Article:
United Press International said yesterday it will lay off 80 employes and close several bureaus around the country, the first step in a reorganization of the wire service, which said Friday it will file for protection from creditors under federal bankruptcy law.

The news agency, which has not yet officially filed for bankruptcy, also said yesterday it had reached agreement with its biggest creditor to provide funding to keep UPI operating through the reorganization and, more immediately, to cover paychecks that were issued last week without sufficient funds.

UPI also said it is raising rates to its 800 newspaper and 1,500 broadcast subscribers by 9.9 percent, effective immediately, and it told the subscribers in letters sent late last week that the higher rates, staff cutbacks and other cost-cutting moves are "essential elements" in the reorganization.

The 80 employes being terminated were notified by telephone or telegram late Friday and yesterday, UPI said.

The company said the elimination of another 20 vacant positions would bring to 100 the number of jobs being cut from its previous total of 1,850.

The wire service said in a statement that the cuts are necessary "to reduce operating costs."

The cuts, extending throughout the nation, included elimination of an unknown number of bureaus and left skeleton staffs in some states. In South Dakota, for instance, UPI now has a single news reporter.

But a spokesman, David Wickenden, said UPI will remain a nationwide news-gathering organization. "UPI is going to maintain bureaus in every single state," Wickenden said. He said the Wire Service Guild was "fully aware" of the cuts; union officials could not be reached for comment.

Wickenden said the cutbacks were part of a reorganization plan that UPI executives had been working on for a couple of weeks but were unable to implement before deciding on Friday that the company had to file for reorganization under Chapter 11 of the bankruptcy laws.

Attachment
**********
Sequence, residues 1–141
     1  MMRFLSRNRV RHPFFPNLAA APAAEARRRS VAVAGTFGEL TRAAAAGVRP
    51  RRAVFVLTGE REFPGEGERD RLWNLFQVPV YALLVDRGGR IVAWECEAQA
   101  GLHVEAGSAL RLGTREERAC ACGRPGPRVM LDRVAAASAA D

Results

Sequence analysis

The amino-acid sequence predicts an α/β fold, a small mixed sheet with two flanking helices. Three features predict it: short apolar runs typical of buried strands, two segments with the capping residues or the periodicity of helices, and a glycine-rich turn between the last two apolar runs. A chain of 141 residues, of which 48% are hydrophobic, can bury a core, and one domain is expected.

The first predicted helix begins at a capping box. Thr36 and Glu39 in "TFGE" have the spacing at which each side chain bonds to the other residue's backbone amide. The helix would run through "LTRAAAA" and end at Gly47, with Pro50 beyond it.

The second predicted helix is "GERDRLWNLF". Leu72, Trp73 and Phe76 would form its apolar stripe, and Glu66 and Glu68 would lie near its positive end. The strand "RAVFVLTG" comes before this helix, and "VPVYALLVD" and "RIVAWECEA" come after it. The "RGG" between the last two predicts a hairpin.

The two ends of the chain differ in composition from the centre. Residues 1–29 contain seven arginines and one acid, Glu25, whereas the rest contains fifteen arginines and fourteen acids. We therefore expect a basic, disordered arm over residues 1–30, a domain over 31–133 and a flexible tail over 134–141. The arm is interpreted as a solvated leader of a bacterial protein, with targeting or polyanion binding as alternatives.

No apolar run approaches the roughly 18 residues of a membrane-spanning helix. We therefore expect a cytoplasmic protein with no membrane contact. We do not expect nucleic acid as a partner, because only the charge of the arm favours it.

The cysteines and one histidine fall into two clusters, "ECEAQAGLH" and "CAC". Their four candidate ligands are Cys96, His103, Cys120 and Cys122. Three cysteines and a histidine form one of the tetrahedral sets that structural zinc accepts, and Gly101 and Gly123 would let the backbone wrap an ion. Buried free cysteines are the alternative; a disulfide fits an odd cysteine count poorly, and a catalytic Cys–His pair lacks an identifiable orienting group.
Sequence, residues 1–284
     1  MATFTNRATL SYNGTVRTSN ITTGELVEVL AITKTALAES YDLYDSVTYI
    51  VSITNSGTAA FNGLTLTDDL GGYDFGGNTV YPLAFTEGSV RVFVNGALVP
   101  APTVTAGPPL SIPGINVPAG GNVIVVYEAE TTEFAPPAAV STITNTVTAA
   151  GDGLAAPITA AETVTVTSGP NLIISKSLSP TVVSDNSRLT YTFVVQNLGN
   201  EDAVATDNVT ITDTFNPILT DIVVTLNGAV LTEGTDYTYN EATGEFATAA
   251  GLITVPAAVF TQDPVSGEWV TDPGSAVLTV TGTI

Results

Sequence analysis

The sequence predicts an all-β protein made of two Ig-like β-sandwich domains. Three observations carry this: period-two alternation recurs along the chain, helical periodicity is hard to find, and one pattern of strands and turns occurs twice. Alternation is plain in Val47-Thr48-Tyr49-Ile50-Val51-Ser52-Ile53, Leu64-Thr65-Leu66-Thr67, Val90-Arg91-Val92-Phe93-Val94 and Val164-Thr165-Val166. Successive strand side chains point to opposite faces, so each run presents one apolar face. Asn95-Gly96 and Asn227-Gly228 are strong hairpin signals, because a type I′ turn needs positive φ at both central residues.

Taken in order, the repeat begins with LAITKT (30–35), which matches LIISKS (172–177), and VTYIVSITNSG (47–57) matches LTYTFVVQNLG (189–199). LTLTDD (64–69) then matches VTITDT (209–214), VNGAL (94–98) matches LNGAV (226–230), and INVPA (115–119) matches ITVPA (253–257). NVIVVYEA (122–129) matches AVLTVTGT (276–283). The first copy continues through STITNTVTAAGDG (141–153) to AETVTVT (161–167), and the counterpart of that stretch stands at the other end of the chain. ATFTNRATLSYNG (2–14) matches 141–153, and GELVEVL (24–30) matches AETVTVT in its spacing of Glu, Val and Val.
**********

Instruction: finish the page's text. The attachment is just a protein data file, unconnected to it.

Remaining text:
UPI, $20 million in debt, was forced to file for bankruptcy after its largest creditor, Los Angeles-based Foothill Capital Corp., refused on Thursday to advance enough money to fund the current payroll.

It was the latest in a series of financial problems that have buffeted the 78-year-old news service, which has been losing money for the past 20 years.

Yesterday, UPI Chairman Luis Nogales said Foothill Capital, to which UPI owes more than $6 million, had agreed to provide financing "that will put in place a financial structure to make funds available to cover the paychecks" of UPI's employes "as well as the company's ongoing obligations."

"We are confident that the financing will be in place early in the new week," Nogales told UPI staffers yesterday. "There will be an announcement to let you know when paychecks can be deposited."

Foothill officials have declined to comment. But UPI, in its own news story about its problems, quoted unidentified management sources as saying that the finance company was displeased with the refusal of the Wire Service Guild, which represents about half of UPI's staff, to discuss additional concessions or layoffs aimed at cutting operating costs further.

Last summer, the union accepted a temporary 25 percent pay cut, and UPI employes currently are working at 85 percent of previous pay levels.

UPI's planned bankruptcy filing would enable the company to break its contract with the Wire Service Guild and unilaterally institute salary scales and work rules that management deems more favorable. Wickenden refused to speculate on whether this will happen.

The Chapter 11 rules also protect a company from lawsuits by creditors while it works out a reorganization of finances under court supervision.

Typically, such a reorganization would include paying creditors a fraction of what they are owed or issuing them stock or other securities in lieu of debt payments.

UPI officials have argued that the company has been turning a profit in recent months but that its long-time debts have constricted cash flow.

Nogales and other executives apparently hope that if they can rid the company of debt through a bankruptcy reorganization they can either make the company viable or attract a buyer.

It is not known when and where UPI will make its Chapter 11 filing. But the news service's story on its problems quoted company sources as saying the filing would be made Monday in Washington.